Posts Tagged ‘voltage regulation’

Transistors – Voltage Regulation Part XVII

Monday, November 12th, 2012

     Last time we learned about a new type of transistor called a bipolar transistor and how it controls the flow of electric current traveling from the collector to the emitter within our circuit.  We also saw how the bipolar transistor is integrated within a Zener diode voltage regulator circuit to make a new type of circuit called a transistor series voltage regulator.

     Now let’s see how this all works by hooking our circuit up to both an unregulated power supply and an external supply circuit as shown in Figure 1.

transistor voltage regulator circuit

Figure 1


     When voltage VUnregulated is applied to our transistor series voltage regulator circuit by way of an unregulated power supply, electric current flows through RLimiting into the base, B, of the transistor.  The transistor senses this current and responds by opening a path for current to flow from its collector, C, to its emitter, E.  With this path established, current flows freely from the unregulated power supply, through the transistor’s collector and emitter, on to the output terminal, and finally to the external supply circuit.  Total resistance of this circuit is said to be RTotal

     At this point you’re probably wondering why the bipolar transistor base and Zener diode are connected to RLimiting.  Next time we’ll conclude our series by seeing how this connection is crucial to the functionality of our transistor series voltage regulator.



Transistors – Voltage Regulation Part XVI

Monday, November 5th, 2012

     We’ve been discussing the Zener diode voltage regulator circuit, its advantages and disadvantages.  We learned that the limiting resistor, RLimiting, creates a major disadvantage in the operation of the circuit, effectively acting as a roadblock to restrict current flow.  Let’s see how to improve on that.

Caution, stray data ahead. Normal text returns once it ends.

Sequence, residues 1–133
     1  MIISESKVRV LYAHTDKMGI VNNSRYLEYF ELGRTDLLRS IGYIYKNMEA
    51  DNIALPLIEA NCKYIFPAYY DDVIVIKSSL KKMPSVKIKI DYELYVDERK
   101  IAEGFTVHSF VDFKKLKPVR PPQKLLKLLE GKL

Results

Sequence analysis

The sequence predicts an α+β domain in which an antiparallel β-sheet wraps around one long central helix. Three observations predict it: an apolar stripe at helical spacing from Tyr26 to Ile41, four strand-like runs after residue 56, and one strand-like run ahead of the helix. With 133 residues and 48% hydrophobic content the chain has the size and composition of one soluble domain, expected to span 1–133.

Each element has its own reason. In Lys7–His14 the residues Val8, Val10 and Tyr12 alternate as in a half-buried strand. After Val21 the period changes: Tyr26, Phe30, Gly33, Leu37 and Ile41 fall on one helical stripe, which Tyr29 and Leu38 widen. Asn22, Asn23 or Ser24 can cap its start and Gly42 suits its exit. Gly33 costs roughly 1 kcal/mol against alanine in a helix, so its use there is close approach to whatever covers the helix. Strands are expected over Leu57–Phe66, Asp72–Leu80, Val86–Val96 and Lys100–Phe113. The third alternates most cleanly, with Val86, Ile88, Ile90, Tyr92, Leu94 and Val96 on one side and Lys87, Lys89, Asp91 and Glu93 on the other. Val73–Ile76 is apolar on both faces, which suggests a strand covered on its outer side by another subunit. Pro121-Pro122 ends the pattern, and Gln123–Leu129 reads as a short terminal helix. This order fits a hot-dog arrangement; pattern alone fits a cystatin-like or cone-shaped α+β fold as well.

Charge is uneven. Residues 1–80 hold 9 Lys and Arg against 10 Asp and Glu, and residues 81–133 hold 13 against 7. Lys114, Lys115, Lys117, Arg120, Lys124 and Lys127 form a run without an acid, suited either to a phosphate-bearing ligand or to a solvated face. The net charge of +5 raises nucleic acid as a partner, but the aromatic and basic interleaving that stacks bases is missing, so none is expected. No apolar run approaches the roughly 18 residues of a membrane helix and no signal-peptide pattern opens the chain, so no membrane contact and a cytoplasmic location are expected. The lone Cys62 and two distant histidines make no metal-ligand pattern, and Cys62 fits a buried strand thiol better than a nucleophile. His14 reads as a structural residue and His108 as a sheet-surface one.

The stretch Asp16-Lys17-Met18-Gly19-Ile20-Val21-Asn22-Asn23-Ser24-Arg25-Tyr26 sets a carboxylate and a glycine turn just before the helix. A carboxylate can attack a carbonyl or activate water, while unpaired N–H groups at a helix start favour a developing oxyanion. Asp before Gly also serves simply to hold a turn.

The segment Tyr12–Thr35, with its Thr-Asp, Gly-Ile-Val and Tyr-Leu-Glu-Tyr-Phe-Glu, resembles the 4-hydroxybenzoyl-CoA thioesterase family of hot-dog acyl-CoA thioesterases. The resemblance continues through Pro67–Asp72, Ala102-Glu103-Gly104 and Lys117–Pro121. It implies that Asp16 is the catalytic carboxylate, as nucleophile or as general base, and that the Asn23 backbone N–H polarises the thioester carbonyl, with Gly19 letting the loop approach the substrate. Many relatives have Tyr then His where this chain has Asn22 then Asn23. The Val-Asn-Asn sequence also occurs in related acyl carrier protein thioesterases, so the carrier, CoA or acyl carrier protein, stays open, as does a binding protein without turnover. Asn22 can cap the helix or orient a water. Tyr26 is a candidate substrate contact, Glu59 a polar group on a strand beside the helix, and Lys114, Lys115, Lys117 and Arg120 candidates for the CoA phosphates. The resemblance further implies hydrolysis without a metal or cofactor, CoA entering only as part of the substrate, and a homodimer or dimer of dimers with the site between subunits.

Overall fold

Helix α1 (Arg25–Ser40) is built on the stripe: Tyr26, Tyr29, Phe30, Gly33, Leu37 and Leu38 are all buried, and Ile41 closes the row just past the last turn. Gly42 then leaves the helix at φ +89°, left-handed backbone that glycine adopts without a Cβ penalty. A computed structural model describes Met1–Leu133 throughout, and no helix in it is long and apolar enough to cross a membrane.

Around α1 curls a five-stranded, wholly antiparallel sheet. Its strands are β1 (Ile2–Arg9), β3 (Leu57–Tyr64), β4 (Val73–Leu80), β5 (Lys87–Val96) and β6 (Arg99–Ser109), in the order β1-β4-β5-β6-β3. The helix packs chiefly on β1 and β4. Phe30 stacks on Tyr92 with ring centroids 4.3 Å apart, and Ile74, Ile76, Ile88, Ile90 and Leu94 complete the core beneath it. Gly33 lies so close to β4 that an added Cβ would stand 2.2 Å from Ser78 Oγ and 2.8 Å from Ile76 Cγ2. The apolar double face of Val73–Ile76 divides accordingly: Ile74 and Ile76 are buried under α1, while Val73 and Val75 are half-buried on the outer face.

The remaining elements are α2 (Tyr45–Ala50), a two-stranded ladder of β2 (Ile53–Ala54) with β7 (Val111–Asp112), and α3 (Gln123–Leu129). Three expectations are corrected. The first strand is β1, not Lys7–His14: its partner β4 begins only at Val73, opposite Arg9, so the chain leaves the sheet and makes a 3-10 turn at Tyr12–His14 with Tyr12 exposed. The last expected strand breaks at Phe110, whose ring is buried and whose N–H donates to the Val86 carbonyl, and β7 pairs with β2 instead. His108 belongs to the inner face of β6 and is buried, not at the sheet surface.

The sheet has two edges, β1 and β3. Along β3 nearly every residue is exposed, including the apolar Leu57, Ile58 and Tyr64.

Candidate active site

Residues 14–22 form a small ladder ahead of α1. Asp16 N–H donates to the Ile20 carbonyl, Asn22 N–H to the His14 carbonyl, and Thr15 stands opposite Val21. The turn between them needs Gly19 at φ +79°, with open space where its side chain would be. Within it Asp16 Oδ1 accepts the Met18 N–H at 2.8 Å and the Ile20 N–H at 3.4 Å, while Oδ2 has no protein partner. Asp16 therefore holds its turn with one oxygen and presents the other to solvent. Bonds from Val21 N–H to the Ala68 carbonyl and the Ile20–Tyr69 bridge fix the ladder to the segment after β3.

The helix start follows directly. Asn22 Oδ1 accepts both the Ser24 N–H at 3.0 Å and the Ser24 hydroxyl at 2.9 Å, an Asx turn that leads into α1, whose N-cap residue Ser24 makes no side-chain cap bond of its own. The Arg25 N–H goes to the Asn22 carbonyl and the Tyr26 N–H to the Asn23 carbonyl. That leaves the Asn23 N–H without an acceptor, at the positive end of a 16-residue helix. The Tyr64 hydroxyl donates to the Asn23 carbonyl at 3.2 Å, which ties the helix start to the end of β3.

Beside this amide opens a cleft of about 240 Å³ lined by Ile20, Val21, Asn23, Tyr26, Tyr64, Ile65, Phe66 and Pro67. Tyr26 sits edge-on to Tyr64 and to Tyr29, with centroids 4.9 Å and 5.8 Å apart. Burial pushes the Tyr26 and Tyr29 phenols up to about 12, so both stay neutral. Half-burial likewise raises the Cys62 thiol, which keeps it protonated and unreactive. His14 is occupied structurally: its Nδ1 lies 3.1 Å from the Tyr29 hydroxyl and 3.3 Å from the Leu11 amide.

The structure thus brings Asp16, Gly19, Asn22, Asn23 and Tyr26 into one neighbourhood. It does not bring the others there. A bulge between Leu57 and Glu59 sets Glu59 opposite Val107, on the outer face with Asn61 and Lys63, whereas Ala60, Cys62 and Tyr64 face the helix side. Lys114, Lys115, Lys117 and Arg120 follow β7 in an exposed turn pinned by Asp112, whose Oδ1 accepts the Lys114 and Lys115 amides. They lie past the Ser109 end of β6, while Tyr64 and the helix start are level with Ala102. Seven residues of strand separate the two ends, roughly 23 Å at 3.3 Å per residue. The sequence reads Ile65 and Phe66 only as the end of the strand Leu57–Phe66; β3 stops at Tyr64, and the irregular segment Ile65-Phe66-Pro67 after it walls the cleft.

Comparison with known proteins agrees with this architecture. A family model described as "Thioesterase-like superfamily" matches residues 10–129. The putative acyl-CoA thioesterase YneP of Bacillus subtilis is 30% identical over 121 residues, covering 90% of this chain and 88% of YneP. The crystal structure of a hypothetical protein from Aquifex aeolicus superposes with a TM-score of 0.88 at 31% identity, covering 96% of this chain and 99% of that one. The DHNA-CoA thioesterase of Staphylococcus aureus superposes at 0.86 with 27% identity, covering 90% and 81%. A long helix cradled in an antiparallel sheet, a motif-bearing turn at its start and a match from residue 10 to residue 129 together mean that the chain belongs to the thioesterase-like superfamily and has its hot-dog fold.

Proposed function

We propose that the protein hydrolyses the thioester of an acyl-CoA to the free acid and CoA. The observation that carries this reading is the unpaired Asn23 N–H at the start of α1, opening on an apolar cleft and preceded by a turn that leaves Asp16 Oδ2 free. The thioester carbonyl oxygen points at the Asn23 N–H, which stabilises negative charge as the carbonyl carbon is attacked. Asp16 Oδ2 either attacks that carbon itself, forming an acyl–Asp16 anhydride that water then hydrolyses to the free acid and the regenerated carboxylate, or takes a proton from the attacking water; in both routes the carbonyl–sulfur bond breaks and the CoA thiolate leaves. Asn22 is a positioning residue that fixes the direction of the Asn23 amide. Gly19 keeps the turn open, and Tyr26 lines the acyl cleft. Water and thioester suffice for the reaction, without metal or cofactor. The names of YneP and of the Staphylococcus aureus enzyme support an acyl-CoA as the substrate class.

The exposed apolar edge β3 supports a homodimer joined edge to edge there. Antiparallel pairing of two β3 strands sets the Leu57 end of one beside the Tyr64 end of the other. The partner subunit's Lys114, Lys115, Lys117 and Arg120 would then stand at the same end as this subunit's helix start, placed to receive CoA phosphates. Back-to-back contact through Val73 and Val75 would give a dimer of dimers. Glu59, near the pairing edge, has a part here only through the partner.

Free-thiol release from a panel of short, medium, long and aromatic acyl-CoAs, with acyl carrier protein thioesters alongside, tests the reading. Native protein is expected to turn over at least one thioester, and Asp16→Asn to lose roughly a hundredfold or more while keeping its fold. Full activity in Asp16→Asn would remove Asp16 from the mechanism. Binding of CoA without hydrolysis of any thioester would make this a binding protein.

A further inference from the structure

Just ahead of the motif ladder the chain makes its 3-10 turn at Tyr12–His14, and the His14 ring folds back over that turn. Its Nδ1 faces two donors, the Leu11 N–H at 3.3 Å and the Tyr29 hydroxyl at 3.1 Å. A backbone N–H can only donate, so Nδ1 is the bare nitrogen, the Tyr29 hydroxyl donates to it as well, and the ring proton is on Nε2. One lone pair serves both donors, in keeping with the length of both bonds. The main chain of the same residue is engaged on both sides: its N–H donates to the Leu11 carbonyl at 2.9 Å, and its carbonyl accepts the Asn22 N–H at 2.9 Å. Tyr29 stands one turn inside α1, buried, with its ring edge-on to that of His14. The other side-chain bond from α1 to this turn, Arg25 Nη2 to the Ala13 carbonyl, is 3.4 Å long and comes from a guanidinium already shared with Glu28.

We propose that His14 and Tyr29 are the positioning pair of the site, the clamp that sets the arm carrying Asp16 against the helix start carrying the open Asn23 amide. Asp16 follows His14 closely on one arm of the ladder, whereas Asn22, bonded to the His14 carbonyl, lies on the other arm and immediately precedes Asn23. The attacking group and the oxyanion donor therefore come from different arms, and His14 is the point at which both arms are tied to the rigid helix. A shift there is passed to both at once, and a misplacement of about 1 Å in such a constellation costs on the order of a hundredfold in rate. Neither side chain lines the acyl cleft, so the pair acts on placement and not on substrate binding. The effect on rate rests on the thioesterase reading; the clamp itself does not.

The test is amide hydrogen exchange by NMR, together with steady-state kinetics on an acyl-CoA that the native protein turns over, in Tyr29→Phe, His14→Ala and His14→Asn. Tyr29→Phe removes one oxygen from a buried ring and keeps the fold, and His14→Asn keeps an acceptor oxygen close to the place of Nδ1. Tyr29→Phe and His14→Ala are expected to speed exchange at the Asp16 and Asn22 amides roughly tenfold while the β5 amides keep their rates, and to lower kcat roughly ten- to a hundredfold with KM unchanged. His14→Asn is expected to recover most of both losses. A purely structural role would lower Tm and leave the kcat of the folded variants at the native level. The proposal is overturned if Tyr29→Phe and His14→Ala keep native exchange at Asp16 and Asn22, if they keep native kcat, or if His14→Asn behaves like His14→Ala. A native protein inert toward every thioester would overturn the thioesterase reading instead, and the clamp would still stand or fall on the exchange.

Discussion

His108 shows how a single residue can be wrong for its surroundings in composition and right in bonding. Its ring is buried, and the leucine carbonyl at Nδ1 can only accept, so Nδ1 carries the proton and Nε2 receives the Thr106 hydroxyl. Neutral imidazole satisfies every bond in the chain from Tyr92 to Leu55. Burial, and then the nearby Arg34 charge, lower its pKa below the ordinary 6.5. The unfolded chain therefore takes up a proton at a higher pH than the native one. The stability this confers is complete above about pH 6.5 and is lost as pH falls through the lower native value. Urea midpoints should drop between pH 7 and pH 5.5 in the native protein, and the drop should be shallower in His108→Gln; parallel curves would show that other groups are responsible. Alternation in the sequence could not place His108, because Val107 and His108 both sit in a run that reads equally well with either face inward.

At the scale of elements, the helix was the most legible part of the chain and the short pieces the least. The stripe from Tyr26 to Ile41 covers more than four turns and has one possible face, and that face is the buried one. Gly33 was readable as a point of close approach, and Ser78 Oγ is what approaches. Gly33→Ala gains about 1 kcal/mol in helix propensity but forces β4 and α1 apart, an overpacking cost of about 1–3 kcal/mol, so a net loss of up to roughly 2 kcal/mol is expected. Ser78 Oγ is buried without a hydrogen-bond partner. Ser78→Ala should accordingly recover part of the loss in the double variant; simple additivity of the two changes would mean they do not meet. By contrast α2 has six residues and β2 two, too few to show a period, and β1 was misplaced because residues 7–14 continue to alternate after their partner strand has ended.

Figure 1 illustrates a transistor series voltage regulator circuit.


transistor series voltage regulator with Zener diode

Figure 1


     In this circuit the transistor is known as a bipolar transistor.   Like the FET we discussed earlier, it has three electrical connections, however on the bipolar transistor the connections are referred to as the collector, base, and emitter.  These are labeled C, B, and E in Figure 1.

     The bipolar transistor acts as a valve, resting within the main path of current flow.  That is, it controls the flow of electric current traveling from the collector to the emitter, as well as the voltage available at the emitter.  The transistor is designed so that current flows in one direction only, from collector to emitter.  We’ll talk more about that in our next article.

     The limiting resistor, RLimiting, is located on a branch of the circuit leading to the Zener diode and the transistor base.  Next time we’ll connect an unregulated power supply and external supply circuit to our transistor series voltage regulator.  This will enable us to see how placing RLimiting on the branch, rather than along the main current path, results in a major advantage over using the Zener diode voltage regulator alone.  


Transistors – Voltage Regulation Part VII

Monday, September 3rd, 2012
     Back when television had barely escaped the confines of black and white transmission there was a men’s clothing store commercial whose slogan still sticks in my mind, “Large and small, we fit them all.”  It’s a nice concept, but unfortunately the same doesn’t always apply to electronic power supplies.

     Last time we learned that when the electrical resistance changes on an unregulated power supply its output voltage changes proportionately.  This makes it unsuitable for powering devices like microprocessor chips, which require an unchanging voltage to operate properly.  Now let’s look at another shortcoming of unregulated power supplies, that being how one supply can’t fit both large and small voltage requirements.